Architecture curator Kristin Feireiss turns 80

An Ambassador for Architecture

John Hill, Falk Jaeger
1. July 2022
Kristin Feireiss at the opening of "In-Between. Spatial Discourse in Visual Culture" in 2014. (Photo: Erik-Jan Ouwerkerk)

Kristin Feireiss is invited internationally to give lectures and symposia and to sit on prize juries, including those of the renowned Pritzker Architecture Prize and the Venice Architecture Biennale. The TU Braunschweig awarded her an honorary doctorate and the President of Germany pinned the Federal Cross of Merit on her lapel. But it all began with a failed idea. In 1980, the Berlin-born Feireiss founded the architecture gallery Aedes together with the architect Helga Retzer in Charlottenburg, West Berlin's cultural hotspot at that time. Postmodernism was in its heyday then, and with it architectural drawing. Sheets by O.M. Ungers, Zaha Hadid, Hans Hollein, and others became a promising commodity. Architecture museums around the world fought over the estates and bequests of famous architects. Feireiss and Retzer wanted to get in on the action. Apart from the Max Protetch Gallery in New York, there was hardly any private competition.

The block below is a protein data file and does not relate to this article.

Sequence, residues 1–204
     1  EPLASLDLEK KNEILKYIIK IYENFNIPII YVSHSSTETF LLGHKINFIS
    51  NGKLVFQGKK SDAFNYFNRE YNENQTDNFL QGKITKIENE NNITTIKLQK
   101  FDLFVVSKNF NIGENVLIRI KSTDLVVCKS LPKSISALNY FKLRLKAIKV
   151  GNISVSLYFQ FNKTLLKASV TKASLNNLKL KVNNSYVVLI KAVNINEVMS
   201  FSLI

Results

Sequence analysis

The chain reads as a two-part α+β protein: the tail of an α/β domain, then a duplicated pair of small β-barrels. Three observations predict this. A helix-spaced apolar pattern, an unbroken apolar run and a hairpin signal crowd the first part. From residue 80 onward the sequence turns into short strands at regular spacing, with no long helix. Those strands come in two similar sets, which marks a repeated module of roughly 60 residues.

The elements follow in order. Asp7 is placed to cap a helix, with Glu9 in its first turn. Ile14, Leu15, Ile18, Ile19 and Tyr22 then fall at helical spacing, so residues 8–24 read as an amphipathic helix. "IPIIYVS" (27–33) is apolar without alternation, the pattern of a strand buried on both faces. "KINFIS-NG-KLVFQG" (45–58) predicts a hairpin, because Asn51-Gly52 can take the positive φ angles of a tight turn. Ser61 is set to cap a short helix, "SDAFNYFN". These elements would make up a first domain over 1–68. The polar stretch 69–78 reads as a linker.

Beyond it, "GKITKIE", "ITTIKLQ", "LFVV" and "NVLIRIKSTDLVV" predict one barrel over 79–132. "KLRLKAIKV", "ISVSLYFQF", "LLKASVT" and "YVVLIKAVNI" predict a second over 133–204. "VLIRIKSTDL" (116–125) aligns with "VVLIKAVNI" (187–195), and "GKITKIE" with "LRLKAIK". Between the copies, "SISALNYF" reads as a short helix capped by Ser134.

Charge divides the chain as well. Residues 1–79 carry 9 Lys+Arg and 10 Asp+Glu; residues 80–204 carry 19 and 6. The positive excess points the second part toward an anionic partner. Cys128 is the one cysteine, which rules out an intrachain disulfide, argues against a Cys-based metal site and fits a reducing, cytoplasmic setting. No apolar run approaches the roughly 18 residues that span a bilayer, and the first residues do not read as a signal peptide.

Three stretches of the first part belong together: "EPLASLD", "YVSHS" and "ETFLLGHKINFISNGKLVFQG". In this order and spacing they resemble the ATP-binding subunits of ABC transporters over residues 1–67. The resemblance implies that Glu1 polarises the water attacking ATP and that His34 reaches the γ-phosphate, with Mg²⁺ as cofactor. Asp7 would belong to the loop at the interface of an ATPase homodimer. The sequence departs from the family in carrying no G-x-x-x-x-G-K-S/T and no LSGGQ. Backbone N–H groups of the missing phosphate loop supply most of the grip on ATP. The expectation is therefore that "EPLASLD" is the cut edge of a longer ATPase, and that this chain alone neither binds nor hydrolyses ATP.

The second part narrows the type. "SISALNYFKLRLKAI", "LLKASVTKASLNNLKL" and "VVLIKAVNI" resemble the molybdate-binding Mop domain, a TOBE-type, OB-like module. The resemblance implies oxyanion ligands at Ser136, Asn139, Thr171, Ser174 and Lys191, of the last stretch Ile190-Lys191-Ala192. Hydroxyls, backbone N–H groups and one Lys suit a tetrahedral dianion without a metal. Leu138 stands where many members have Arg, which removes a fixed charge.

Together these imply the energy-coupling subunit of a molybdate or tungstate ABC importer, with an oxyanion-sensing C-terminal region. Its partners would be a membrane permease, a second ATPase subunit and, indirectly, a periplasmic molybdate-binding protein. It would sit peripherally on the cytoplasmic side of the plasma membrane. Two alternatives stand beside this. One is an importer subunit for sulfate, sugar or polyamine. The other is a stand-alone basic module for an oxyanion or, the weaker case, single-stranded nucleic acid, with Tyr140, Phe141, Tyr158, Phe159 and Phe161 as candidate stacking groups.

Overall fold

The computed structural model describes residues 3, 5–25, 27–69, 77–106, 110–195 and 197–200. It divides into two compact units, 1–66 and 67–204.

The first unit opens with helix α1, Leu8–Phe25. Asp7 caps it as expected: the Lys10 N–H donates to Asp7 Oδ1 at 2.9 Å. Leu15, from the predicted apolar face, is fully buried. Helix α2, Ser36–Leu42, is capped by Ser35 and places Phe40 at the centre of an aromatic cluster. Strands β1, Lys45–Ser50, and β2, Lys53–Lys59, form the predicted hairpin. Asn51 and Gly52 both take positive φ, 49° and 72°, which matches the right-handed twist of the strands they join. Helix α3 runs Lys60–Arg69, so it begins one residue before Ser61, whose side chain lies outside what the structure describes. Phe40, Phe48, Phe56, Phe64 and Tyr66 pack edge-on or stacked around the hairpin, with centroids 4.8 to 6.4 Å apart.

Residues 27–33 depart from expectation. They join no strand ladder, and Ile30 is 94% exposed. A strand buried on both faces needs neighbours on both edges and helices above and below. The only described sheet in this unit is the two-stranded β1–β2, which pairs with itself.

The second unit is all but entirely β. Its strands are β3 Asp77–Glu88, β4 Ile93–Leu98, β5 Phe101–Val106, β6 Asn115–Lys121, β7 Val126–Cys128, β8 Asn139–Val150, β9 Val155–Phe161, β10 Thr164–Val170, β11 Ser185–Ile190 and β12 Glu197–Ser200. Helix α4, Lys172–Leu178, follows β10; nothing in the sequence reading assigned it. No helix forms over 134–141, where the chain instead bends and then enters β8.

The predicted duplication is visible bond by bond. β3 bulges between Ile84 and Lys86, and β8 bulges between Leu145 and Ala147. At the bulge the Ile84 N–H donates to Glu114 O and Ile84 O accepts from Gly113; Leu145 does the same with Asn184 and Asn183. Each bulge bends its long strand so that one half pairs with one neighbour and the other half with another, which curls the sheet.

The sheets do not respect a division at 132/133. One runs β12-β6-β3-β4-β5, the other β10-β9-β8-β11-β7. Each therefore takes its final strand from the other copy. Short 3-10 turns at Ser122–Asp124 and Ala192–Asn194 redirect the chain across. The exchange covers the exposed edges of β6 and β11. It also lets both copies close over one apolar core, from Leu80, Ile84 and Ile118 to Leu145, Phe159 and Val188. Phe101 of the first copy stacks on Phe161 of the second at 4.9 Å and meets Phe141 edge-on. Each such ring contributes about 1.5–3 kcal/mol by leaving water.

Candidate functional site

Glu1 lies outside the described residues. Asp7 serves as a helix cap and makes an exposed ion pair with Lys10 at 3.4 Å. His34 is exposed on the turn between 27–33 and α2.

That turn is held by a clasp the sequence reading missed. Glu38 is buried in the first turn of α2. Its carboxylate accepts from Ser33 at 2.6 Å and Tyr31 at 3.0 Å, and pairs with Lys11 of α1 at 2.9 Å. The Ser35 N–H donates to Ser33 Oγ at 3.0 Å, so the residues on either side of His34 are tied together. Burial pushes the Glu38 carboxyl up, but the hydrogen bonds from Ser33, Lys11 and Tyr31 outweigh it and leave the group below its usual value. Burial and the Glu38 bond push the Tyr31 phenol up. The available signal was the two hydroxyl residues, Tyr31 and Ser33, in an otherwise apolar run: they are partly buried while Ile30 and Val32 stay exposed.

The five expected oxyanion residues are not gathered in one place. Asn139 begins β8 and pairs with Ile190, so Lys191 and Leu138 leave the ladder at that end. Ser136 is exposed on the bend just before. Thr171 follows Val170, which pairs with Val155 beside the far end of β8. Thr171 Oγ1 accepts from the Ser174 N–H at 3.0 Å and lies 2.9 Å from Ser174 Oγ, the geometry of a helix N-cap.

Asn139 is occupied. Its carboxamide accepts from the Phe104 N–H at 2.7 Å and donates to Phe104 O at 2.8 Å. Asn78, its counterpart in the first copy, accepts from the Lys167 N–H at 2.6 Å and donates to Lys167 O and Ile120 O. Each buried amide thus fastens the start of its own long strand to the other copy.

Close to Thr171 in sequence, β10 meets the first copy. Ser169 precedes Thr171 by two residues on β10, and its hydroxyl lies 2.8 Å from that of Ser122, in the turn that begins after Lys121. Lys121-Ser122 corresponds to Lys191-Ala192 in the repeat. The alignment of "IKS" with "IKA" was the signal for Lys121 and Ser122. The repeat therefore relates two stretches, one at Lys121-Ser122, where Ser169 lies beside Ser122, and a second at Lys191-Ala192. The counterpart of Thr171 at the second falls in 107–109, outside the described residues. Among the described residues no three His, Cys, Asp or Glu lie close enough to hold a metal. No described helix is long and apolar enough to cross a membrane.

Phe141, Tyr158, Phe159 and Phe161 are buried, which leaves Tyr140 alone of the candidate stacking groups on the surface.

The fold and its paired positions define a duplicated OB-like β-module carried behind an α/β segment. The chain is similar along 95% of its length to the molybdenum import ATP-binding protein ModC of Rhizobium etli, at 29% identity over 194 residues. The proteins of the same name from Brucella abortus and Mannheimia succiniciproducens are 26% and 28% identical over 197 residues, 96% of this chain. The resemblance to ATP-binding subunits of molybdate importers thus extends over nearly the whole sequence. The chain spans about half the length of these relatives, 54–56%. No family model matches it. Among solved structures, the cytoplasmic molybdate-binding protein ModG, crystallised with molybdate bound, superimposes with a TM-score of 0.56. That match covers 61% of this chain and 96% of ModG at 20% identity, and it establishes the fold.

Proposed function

Helga Retzer and Kristin Feireiss in 1980. (Photo: Nina von Jaanson)

They started with exhibitions dedicated to Peter and Alison Smithson, Peter Cook, Giorgio Grassi, and Rem Koolhaas — all prominent names for a promising new beginning. Feireiss wanted to deal in original drawings, and her heart bled when, in 1987, the young German architect Christoph Mäckler unpacked bundles of hand sketches and wallpapered the walls with the beautiful originals! But the market did not develop as hoped, and the idea of earning money with architectural drawings proved to be a miscalculation.

But the joy of high-caliber architecture exhibitions remained. Even when Retzer died unexpectedly in 1984, Feireiss continued undaunted. At first she organized half a dozen exhibitions annually; in the nineties up to 28 exhibitions per year; as of today there have been well over 500 exhibitions. Four hundred editions of the small, significantly square catalogues have been published: a bibliophilic series of astonishing continuity and international reputation.

Zaha Hadid, Patrik Schumacher, and Kristin Feireiss in 1992. (Photo: Regina Schubert)

The Aedes Gallery moved to Savignyplatz in 1988, to Hackescher Markt after reunification in 1995, and finally to Friedrichshain in 2006, forming the Aedes Network Campus Berlin – ANCB. There, the Aedes Architecture Forum established itself with the Aedes Metropolitan Laboratory, which organizes international workshops and symposia on urban planning and other subjects in cooperation with universities from all over the world. Kristin's partner, Hans-Jürgen Commerell, has been Aedes co-director since 1994.